their argument about why elections should be postponed. I think it’s key to understand that this
government does not want elections. This government has a lot to lose because of the poor handling of
the pandemic, corruption, and other scandals, so they seem to be seeking strategies to maintain
themselves in power.
It’s important to note that these blockades, which lasted approximately 10 days, began to evolve past a
request for moving up the election date and other measures, to a very strong movement to force Áñez
to resign.

It’s pretty important to remember that Áñez does not have a constitutional right to be president.
She appointed herself in an almost empty Senate chamber, and the excesses and the irregularities from
that point on have just continued to get worse.

Greg Wilpert
So before I dig deeper into the political situation at the moment, I just want to ask you about the
situation with the pandemic in Bolivia now. Recently, there was an article in The New York Times that
painted a pretty dire picture, saying that the death rates were something like 15 times higher in Bolivia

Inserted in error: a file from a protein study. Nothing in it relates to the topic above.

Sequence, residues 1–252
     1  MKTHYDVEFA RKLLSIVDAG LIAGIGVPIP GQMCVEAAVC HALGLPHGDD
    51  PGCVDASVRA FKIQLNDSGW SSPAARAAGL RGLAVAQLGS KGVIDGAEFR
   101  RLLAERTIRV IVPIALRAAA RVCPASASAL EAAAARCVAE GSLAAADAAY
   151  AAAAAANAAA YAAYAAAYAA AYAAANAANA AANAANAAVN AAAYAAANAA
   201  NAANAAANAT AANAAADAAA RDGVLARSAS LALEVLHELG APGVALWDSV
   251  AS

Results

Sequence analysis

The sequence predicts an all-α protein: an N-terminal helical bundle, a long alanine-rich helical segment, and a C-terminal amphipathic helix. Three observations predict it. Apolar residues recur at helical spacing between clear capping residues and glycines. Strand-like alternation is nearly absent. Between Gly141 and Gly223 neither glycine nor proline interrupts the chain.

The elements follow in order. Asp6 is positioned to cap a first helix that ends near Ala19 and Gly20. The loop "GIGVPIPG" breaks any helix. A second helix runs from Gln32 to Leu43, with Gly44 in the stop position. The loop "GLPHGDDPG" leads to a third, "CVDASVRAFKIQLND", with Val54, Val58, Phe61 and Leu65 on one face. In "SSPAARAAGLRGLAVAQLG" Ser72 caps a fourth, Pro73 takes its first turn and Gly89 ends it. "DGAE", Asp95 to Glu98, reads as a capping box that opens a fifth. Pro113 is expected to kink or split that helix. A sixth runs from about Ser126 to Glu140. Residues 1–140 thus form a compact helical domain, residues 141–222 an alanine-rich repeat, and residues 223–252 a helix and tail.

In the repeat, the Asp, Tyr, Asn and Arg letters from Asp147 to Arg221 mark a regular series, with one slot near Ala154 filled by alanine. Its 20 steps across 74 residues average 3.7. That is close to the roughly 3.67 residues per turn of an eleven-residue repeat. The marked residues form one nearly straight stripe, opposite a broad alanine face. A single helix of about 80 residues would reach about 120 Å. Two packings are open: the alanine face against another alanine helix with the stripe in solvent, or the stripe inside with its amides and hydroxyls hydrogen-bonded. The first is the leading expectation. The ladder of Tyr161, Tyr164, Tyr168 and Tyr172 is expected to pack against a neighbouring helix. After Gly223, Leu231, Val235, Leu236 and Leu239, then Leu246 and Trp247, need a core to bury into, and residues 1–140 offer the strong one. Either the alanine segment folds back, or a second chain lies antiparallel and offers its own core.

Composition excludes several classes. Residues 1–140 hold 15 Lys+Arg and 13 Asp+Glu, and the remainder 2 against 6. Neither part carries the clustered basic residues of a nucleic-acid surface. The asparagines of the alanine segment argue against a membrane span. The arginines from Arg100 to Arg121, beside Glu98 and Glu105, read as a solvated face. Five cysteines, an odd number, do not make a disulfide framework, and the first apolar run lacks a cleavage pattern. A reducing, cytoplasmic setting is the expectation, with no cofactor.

at the moment, or I guess it was at the height of the situation, which might have been in late July, early
August or so, way higher than they normally are.
And that people were having a hard time finding places to bury the victims, and that that there weren’t
anywhere near enough tests to find out what the situation actually is like. From what you’ve been able
to see, what is going on in terms of the pandemic?

Kathryn Ledebur

Well, I agree that the situation is quite severe and that the official statistics don’t at all capture the
severity of the crisis, and I think that there are several reasons for that. One is that the government has
no public health approach, has no real way or need to gather statistics.
It’s not as if there’s some sort of strategy to lead to a solution or containment of the pandemic. Finally
now, there’s greater access to tests, although test results take a long time. Finally, there is some access